Thank you Jo54, really appreciate your comments. Actually I’m in my early 60s and don’t want to wait till I’m 80. My mother had serious back problems, and her early to mid 80s she started to fall from the pain, the Drs insisted that she do the back surgery that she didn’t want to do for 20 years, and she passed away two months later. I’m very glad you’re OK, but I don’t want to wait that long to take care of this problem. I know that it gets harder and harder to recover from as we age. I really do not want my neck fused because I still am active and drive and want to exercise etc. My injuries I have were caused because of a horseback riding accident, and then a skiing accident. I have always been a very active person and I’d like to go back to being that way. Maybe not quite as active as I was when I did that which wasn’t very long ago. Cautiously active, Jennifer

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I have had two spine surgeries, neither of which was worth the effort. I had intense pain at about the #4 level, and just into the tail bone. I have a lot of Ankylosing Spondilitis, Stenosis, Amyloidos nodules, and several crushed disks. What should have been the top of the tail bone broke off in a fall at age 8. Anyway, the #4 spot and others were cleaned out a few years ago. However, in recovery, the nurse did not follow the doctor orders. I heard the surgeon not to give me any opiates or other pain meds. However, when I had pain, she gave me a shot of something (I suspect morphine). This was in Oregon. I woke up about 12 hours later just knowing I was in jail in Butte, Montana serving a life sentence for vagrancy. Found out later I had broken the restraints, as I had also done in another hospital in Phoenix, years earlier. I would tell you more about my AMY, but you would have to request it privately. Hang in there. It can get better, but it is not all up to the Docs. Most is up to you.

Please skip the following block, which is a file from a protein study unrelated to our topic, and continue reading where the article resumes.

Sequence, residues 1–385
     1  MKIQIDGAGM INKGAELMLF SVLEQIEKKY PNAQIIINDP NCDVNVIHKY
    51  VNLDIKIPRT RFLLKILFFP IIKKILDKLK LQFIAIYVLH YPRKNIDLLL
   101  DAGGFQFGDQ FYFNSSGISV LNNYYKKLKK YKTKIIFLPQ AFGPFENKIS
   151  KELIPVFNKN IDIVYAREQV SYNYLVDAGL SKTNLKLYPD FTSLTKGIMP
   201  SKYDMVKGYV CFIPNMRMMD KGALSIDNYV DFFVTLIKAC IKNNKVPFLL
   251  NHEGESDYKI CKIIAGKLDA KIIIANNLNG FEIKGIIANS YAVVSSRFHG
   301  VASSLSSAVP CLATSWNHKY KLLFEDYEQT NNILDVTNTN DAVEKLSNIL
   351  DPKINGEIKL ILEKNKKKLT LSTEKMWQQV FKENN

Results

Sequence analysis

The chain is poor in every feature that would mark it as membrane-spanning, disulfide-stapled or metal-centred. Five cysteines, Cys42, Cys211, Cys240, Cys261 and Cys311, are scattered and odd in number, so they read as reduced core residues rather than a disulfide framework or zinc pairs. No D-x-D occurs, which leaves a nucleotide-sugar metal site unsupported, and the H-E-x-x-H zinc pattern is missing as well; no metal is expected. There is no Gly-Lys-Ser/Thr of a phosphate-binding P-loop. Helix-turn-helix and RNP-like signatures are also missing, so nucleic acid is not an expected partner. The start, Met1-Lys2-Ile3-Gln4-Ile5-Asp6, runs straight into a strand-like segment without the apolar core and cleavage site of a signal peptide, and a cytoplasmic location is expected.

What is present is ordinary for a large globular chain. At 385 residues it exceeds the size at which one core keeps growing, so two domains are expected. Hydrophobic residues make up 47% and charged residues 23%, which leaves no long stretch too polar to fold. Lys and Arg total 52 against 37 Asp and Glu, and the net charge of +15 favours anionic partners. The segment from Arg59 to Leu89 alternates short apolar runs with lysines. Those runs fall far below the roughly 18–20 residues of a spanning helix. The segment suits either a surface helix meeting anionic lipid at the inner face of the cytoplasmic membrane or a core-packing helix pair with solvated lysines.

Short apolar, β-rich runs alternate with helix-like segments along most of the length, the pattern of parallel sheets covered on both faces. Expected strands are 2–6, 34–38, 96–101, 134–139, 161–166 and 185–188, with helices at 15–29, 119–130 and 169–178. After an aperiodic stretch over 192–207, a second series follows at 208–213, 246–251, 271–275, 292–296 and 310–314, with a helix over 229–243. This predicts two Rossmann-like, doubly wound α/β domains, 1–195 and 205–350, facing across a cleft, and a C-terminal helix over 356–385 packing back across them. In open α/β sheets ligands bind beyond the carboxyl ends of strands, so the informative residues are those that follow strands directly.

@jenapower

Thank you Jo54, really appreciate your comments. Actually I’m in my early 60s and don’t want to wait till I’m 80. My mother had serious back problems, and her early to mid 80s she started to fall from the pain, the Drs insisted that she do the back surgery that she didn’t want to do for 20 years, and she passed away two months later. I’m very glad you’re OK, but I don’t want to wait that long to take care of this problem. I know that it gets harder and harder to recover from as we age. I really do not want my neck fused because I still am active and drive and want to exercise etc. My injuries I have were caused because of a horseback riding accident, and then a skiing accident. I have always been a very active person and I’d like to go back to being that way. Maybe not quite as active as I was when I did that which wasn’t very long ago. Cautiously active, Jennifer

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To Oldkarl, How do you get it privately? From Marie